On our quest to find a fulfilling career, our younger selves can serve as amazing guides.
When we were young, the world was our oyster. We had likes and dislikes, and images of our adult selves that we came up with before the world told us how we "should" be.
We had this little internal compass that pointed us towards things that felt good to us on a soul-level - even though we didn't necessarily know the term "soul-level" at the time. We just did what felt natural, what felt right for us. We didn't worry about whether or not that would turn into an "acceptable" career path one day.
Yet, as we grew older, many of us may have felt the pull of that inner compass weaken as we received more information from the outside world. We took in messaging and imagery about how we "should" be and what we "should" do in the world - rather than what we naturally felt drawn to.
For each of us, this likely resulted in a various beliefs affecting our view of ourselves, our bodies, the people around us, our definitions of success, etc. For many of us, these external messages had a huge impact on our career paths.
We were shown by family, teachers, friends, advertising messages, etc. what "acceptable" careers looked like. While our little internal compass may have tried to speak up, often those external messages created a strong directional pull that differed from our internal one. We were told which professions made the most money, which would be seen as successful, which we'd be "good" at.
When you're being told by so many external sources that something is true, it can be hard to believe otherwise.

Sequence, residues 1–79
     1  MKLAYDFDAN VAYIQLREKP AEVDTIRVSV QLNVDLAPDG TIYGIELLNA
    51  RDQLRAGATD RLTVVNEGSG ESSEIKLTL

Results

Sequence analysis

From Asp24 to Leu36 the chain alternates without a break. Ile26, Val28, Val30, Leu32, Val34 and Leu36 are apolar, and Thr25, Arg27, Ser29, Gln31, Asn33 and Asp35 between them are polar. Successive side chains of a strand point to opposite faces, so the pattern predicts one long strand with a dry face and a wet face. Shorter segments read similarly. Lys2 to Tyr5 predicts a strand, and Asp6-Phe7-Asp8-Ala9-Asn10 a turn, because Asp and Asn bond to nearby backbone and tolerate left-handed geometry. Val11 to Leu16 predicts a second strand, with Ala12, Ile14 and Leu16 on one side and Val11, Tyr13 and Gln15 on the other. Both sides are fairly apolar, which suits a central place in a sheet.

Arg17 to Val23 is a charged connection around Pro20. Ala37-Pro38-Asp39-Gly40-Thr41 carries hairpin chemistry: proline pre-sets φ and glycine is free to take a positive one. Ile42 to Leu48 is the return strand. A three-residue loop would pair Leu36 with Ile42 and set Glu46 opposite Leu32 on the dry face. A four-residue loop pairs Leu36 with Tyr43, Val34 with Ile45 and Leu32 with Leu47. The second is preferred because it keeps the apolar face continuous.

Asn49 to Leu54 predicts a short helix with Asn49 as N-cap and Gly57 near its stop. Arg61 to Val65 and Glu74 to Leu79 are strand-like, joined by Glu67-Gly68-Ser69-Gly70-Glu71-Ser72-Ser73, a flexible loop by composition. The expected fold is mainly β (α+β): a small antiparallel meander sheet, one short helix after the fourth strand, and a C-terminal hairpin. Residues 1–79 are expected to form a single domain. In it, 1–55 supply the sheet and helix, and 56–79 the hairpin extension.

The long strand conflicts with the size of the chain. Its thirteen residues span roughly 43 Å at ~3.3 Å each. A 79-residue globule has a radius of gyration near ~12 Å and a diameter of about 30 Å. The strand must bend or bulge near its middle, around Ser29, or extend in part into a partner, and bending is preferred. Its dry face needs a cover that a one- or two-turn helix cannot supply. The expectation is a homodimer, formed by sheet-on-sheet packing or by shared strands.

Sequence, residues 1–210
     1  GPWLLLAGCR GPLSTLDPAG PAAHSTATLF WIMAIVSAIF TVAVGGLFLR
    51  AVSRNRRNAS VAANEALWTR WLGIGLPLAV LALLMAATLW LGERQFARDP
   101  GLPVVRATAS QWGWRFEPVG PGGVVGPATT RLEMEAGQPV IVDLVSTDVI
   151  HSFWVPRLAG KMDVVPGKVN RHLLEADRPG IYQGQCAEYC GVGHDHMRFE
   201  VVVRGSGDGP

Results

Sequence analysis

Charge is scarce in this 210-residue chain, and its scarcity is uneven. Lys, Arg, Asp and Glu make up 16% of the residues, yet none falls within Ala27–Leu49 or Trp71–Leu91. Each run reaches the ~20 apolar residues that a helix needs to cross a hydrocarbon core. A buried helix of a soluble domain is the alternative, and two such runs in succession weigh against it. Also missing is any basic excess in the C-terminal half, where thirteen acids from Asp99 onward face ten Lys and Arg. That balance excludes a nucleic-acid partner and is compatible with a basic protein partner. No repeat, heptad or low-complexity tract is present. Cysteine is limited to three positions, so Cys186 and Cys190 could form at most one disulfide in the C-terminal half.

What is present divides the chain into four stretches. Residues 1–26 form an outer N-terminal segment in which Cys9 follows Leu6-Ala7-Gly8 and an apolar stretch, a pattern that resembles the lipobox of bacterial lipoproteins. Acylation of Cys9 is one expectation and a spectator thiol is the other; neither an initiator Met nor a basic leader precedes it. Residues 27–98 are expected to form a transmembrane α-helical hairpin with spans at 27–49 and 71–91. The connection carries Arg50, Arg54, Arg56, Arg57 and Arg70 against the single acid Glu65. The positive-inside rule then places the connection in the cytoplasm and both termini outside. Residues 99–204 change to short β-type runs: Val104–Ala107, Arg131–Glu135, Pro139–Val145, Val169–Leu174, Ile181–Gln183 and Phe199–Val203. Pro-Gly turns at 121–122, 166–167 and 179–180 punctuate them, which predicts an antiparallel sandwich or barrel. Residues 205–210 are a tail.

As a result, we find often find ourselves down paths that our younger selves never could have imagined.
This isn't to say that the paths we end up on are "bad" or that the people we love who provided external messaging were malicious in any way. They were often full of the best intentions - and those alternate paths we end up on can be the biggest learning experiences of our lives.
Yet, there often comes a point in our lives where we start to tune into the pull of that little internal compass again. It can seemingly come out of nowhere (although I'd argue it's been there the whole time, we just didn't feel it's strength the same way).
It's that feeling we get that causes us to question what we are doing with our lives. That moment we are sitting at our desk and start to wonder what life would be like if we did anything but this.
At this point, we can feel the pull of our internal compass, but we don't necessarily know what direction it's pointing in.
This is where the fun part (read hard work) begins. This is where many of my clients come to me - and where I started my journey to become a coach: feeling stuck, knowing deep down that there is a different way, but having no idea what that way is.
Calling on the wisdom of our younger selves is a great way to start gaining clarity on this newly revived directional pull.
Our younger selves often hold a lot of the answers we're seeking for our present and future selves.
For me, my younger self always wanted to help other people. She felt best when she was helping a friend through a problem or cheering someone on as they accomplished something big.